Up for noodle sambar?

“Indu, Ashok wants me to make something called noodles. What are these? He’s got a packet home and wants to have them for dinner? How do i make them? ” asks my elderly aunt whose son is the one demanding noodles!
Noodles had just come into the Indian market and there was a generation suddenly demanding new tastes be produced out of traditional kitchens! A generation of Meenakshi Ammals was struggling with trying to cook spoilt milk (paneer!) and “Chinese’ while shaking their heads of the passing of traditional ways and the sudden aversions their children seemed to be taking to idlis and sambar and “all that boring old stuff”! The saviour of the maamis – Maggi 2 minute noodles had NOT entered the markets yet, btw..
My mother, as i’ve mentioned earlier, never believes that any dish is beyond her capacity to reproduce – and in the process has ended up creating many new things – some of which were actually quite delicious! Let’s not dwell on the failures – let’s just say they were as spectacular as the multicoloured rockets you get during the Deepavali season !!
So she nods her head wisely and pronounces ” Oh, i know all about noodles – Arvind (my brother) made some the other day. They’re a bit slimy but the kids seemed to like them. Just put some masala powder and cook them!” My aunt, Pramila – who’s famous for her “double ka meetha” (Hyderabadi bread sweet) and other local delicacies, is a bit sceptical and asks – can i put any masala powder?” My mom, very confidently tells her to just put some masala and some water and boil it up. Questions like what kind of masala and how much water are waved airily aside – “Oh, you’ll be able to figure out when you see it in the pan. You know, the Chinese just eat noodles instead of rice as their main starch – it’s very easy”! 
Reassured aunt goes away and presents poor Ashok that night with a dish of “slimy things” swimming in water and flavoured with – hold your breath – sambar powder! My aunt had thought that “just like rice” meant that rice and noodles cooked in the same quantity if water! Mom had so blithely reassured her that any masala was okay that she decided to flavour the noodles with the masala she was most familiar with!! Poor Ashok – i don’t know whether he ever ate any noodles after that!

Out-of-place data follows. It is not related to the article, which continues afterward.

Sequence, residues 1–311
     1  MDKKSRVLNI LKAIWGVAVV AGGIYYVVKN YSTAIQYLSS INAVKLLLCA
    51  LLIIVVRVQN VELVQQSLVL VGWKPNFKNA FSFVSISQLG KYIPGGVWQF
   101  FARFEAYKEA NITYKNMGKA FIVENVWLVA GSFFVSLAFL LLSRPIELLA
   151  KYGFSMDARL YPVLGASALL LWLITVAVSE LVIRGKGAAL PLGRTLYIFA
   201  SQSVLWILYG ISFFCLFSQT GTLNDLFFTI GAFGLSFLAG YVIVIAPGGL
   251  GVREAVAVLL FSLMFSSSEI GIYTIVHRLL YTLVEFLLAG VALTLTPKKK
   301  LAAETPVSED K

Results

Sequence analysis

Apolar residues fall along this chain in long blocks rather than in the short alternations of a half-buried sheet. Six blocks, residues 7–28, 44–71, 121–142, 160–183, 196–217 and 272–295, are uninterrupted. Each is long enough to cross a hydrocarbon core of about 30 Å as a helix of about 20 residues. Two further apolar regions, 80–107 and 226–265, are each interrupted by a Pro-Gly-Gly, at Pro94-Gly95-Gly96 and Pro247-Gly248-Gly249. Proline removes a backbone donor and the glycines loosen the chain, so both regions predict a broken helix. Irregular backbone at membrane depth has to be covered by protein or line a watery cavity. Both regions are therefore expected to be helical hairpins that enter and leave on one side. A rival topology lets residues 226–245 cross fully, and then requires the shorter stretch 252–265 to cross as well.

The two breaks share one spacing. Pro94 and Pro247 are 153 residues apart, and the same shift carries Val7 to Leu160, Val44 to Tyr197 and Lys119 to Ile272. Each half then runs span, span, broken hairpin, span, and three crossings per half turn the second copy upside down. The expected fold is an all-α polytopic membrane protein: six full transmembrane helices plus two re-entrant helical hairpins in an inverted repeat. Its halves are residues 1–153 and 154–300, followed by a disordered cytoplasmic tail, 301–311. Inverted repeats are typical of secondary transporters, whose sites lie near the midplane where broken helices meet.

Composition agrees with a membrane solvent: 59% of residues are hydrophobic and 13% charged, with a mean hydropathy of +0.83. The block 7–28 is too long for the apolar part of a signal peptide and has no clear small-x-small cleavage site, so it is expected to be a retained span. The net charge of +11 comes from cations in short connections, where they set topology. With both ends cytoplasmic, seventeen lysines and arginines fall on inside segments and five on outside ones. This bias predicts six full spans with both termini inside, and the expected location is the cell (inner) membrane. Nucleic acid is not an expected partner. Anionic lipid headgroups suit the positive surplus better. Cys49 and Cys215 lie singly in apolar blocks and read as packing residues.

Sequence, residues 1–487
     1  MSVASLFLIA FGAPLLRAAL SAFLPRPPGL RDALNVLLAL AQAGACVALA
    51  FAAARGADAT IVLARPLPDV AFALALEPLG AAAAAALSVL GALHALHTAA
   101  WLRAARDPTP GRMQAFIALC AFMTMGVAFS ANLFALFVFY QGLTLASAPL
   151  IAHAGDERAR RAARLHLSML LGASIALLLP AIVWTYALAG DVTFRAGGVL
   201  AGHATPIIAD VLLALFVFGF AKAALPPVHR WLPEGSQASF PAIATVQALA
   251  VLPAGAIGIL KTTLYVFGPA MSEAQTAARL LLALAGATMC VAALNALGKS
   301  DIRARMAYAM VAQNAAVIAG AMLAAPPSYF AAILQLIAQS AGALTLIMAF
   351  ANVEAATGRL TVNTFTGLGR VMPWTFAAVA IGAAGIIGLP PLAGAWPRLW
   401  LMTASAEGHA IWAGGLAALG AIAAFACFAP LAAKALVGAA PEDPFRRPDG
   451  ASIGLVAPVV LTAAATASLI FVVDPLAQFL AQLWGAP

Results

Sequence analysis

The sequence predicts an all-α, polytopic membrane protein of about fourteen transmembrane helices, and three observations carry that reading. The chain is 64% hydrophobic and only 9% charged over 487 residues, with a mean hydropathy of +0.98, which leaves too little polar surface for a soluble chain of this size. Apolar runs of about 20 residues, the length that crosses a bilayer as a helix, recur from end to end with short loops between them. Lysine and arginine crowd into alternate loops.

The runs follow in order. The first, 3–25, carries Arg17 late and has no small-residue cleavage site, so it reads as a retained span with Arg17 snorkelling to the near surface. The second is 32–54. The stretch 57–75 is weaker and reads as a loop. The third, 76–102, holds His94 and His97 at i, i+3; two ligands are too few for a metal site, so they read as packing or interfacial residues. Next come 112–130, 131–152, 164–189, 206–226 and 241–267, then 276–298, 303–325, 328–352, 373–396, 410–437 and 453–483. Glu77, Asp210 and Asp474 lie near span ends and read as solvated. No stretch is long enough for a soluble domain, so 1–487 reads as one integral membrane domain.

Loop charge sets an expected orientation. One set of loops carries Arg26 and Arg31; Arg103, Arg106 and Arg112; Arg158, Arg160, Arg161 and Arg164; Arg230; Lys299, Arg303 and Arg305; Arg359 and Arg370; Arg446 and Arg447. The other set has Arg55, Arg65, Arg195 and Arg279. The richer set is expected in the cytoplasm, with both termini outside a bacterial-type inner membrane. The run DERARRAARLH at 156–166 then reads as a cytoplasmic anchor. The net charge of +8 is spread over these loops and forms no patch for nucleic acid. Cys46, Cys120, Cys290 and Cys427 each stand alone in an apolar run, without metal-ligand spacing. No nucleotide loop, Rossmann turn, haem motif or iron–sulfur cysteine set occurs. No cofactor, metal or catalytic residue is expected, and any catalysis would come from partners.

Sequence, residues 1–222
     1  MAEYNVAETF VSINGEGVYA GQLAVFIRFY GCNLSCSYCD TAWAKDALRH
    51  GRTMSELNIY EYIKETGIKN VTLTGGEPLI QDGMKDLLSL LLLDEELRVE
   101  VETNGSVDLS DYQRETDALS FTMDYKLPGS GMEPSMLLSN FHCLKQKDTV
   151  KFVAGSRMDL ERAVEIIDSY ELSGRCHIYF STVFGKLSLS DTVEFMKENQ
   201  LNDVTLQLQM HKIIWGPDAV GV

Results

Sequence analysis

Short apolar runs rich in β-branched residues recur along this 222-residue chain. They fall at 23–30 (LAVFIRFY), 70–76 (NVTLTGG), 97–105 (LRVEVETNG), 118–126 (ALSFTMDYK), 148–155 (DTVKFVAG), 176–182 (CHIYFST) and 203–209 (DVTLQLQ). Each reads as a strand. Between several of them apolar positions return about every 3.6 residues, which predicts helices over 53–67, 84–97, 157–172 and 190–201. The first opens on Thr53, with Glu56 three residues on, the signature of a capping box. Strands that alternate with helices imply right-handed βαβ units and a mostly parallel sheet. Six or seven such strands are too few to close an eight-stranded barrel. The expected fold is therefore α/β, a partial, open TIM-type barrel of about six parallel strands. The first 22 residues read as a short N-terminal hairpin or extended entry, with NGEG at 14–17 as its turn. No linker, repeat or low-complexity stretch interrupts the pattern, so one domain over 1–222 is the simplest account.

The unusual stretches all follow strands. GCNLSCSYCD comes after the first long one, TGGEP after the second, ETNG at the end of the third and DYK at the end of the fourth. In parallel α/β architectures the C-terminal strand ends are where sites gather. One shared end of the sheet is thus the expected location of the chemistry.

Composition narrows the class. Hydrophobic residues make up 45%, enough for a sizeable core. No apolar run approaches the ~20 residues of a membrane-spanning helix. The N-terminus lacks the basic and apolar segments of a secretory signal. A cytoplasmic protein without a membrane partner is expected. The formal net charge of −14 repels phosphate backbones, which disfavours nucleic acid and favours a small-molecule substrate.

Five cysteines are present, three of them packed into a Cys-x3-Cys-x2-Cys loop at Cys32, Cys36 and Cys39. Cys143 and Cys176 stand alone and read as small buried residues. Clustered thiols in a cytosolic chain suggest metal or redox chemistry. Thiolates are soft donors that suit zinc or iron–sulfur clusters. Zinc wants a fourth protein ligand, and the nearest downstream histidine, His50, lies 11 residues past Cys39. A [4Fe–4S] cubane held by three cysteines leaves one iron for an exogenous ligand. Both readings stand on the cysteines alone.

My brother and I were wiser – having seen the effects of my mom’s supreme confidence on most unfamiliar dishes, the very next birthday – i think it was Arvind’s 12th – i presented him with a Chinese cookbook. It was still a bit of a struggle because we didn’t really know many cooking procedures beyond boiling and frying and overcooking 😉 but we learnt! Arvind still makes the best Gobhi Manchurian (or Gopi minjur as it’s spelt in many hotels in the South!). Gopi Minjur incidentally has nothing to do with China and is a quintessential Indian dish! 
Gobi Manchurian
Cauliflower – 1 – cut into florets and soak in warm, salted water for ten minutes so all the creepy crawlies  crawl out
Onion -2 medium – chopped
Spring onions – 3-4 chopped
Garlic – 10- 12 Gr
Ginger – 1″ – cut into juliennes
Green chilies – 4-5 ( chop two fine and slit the rest)
Red chili paste – (soak 5-6 red chilies in 2 tbsp of hot water for ten minutes and then grind into a fine paste)
Schezwan sauce or a Chinese stir fry sauce – 2 tbsp
Tomato sauce – 1 tbsp (optional)
White pepper – 1/2 tsp
Soya sauce – 2 tbsp
Vinegar – 2 tbsp
Sugar – 1.5 tsp
Corn flour – 1/2 cup
Maida – 1/2 cup
Oil to deep fry
Mix the flours with salt, pepper and water to make a thick slurry (like dosa batter). Dip the florets into this and deep fry till golden brown. Set aside. Reserve one tbsp of the batter for the gravy. 
In another pan, heat one tbsp of oil, add the onions and fry on high heat for a cople of minutes, stirring constantly. Add the chopped garlic and green chiles and continue to stir for another minutes. Add the sauces and sugar and stir again. Add a cup of water and the tbsp of reserved slurry and salt. Let cook for a few minutes, stirring constantly till the slurry is cooked and thickish. Add half the spring onions and  mix well. Drop the fried caulis into this and mix so that they are coated completely. Fry the ginger juliennes and drop on top along with the rest of the spring onions. Ta-dang! And give the ol’ noodle sambar a go-by! And if you want a not just Indianised but a South -Indianised version, drop fried curry leaves on top – it really is superb! Can also make a gravy rather than a dry version by adding one more tbsp of slurry and another cup of water – talk about canteen foods!
(pic courtesy the internet btw – am on holiday and no time to cook 🙂